7 steps to your best tiny wardrobe


1.  Consider your lifestyle.

Where do you go and what do you do?  If this seems too boring and basic to consider, just think back to the last time you bought something "fabulous" that you've never worn.  That piece, as beautiful and stylish as it might be, doesn't fit your lifestyle.


2.  Consider your climate.

If you live in Seattle, Minneapolis, or Atlanta, you're going to need different clothes than I do in the Sacramento area.  To create a wardrobe for four seasons, you want one main collection that can be supplemented with sweaters or sundresses depending on the time of year.


3.  Consider your body type and style.

The idea is to pick what fits and flatters you and build from there.  Start with the three or four outfits you wear most often and feel most comfortable in.  They can be the foundation and guide for your wardrobe.


4.  Collect.

Time to get real.  Pull all your clothes out of the closet and drawers and heap them on your bed.  All of them.  Seeing what you have, and maybe the mistakes you've made, is essential.  You may laugh or cry, but you'll be even more determined to get a handle on your wardrobe situation.


5.  Classify.

Go with your gut reaction as you sort your clothes into piles on the floor:

  • Keep.  I love and wear these items regularly, and feel happy and confident when I do.
  • Huh?  I might want these, but I'm not sure why.
  • Donate.  These items don't fit my lifestyle, climate, or body, but they're usable and might suit someone else.
  • Trash.  These are worn, frayed, torn, stained, stretched, faded, etc.


Box or bag up the donations immediately and get them out to your car for drop-off.  Throw out the trash.


accessories do the work
6.  Choose your pieces.

  • You'll need the basics – tops and bottoms.
  • You'll probably find that you prefer to wear two or three colors (which don't have to be black, white, and gray).
  • Choose mostly solid fabrics and just a few prints.
  • Each piece needs to coordinate with at least three other items.
  • Try on clothing from the "huh?" pile.  Would you go to the store and buy it today?  Will you actually wear it in the next couple of months?  If not, add it to your donations.
  • 24 pieces (for example, 7 bottoms, 10 tops, 3 dresses, 4 jackets) will combine into well over three dozen outfits – more than enough to wear something different every day for a month.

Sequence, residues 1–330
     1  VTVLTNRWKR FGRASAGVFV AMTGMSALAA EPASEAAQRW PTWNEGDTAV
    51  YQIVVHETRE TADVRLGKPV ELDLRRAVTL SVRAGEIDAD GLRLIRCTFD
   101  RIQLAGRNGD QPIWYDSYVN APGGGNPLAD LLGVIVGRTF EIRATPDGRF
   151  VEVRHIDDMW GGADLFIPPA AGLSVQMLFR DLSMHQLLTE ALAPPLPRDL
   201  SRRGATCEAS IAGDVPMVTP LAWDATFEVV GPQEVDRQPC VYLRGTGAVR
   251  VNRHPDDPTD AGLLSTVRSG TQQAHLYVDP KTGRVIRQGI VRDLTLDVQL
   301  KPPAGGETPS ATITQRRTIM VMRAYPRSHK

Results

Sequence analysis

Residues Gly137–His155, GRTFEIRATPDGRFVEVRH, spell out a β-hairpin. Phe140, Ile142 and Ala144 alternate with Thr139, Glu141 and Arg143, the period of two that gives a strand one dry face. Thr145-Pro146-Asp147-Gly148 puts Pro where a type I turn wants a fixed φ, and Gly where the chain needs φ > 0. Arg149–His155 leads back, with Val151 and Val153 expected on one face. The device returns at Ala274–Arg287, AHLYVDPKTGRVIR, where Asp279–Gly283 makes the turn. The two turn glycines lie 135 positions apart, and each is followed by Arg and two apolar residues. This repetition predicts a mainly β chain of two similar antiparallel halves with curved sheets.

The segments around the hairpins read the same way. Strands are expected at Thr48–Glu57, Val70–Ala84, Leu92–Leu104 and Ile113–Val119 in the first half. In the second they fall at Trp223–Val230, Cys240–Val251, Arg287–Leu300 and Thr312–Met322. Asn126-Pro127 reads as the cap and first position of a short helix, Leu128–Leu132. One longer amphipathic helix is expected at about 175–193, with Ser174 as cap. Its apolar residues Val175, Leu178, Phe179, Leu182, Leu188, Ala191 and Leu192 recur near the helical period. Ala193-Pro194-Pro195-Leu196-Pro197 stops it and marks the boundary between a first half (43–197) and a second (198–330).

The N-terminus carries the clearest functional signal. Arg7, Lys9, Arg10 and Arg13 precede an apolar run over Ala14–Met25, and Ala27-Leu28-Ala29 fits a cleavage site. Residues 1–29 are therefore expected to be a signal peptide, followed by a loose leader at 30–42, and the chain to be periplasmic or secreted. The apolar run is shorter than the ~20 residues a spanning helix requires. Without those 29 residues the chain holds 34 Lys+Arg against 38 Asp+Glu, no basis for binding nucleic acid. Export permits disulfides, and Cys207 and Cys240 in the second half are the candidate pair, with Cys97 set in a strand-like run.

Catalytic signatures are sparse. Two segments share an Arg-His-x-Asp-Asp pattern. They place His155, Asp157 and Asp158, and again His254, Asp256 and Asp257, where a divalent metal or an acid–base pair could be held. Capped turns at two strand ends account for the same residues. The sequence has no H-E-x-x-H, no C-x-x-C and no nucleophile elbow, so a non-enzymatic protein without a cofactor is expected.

• Accessories add more color, variety, and fun.


7.  Close the holes.

You don't want to do laundry every day because you've got one shirt that is part of almost every outfit.  If that's the case, buy more than one of that particular shirt!  The same goes for your favorite pair of jeans or that super-flattering jersey dress.  This is one situation where duplicates might be required.


Or maybe your one pair of black sandals are a bit worn, and you know you'll wear a pair this summer.  A new pair needs to be on your shopping list.


Please note that I'm not advocating a spree!  Planned and focused acquisition will make your wardrobe more usable.




Do I have to get rid of all the rest?


As Courtney Carver loves to say, "Less isn't nothing."  Minimalism isn't plain white walls, a mattress on the floor, and a gray 10-piece wardrobe.  It's what works for your peaceful, comfortable, clutter-free life.


Once you've chosen your capsule wardrobe and returned it to your closet and drawers, you're not obligated to get rid of the remainder of your Keep and Huh? piles.  However, do box them up and hide them for a while.


After you've been dressing with less for a couple of months, you can look at them again.  Maybe you'll want to wear them in the new season, or maybe you'll feel differently about them and be able to let them go after all.


You might be satisfied already.


Related article:  One Surprising Reason to Declutter Half of Your Stuff




MINIMALIST WARDROBE book
Interested in learning how less is more when it comes to your personal style?  You'll love my book, The Minimalist Wardrobe: Buy Less, Choose Well, and Feel Confident Every Day, available on Amazon.*  It can be your guide to a wardrobe that passes the "feel good" test and lets you wear your favorite things every day.


* This blog is reader-supported.  If you buy through my links, I may earn a small commission.







Comments

  1. This might be a question for a therapist (!), but my wardrobe problem is, I cannot seem to make a break from my past life. I lived in a big city and had an exciting professional life that included dinners out, business travel, conferences, special events, etc. Then during the pandemic, I retired and moved to a small town. I still have my closet of clothing for what is now past. Any suggestions for how to accept and move on, without always holding out a secret hope for that past life?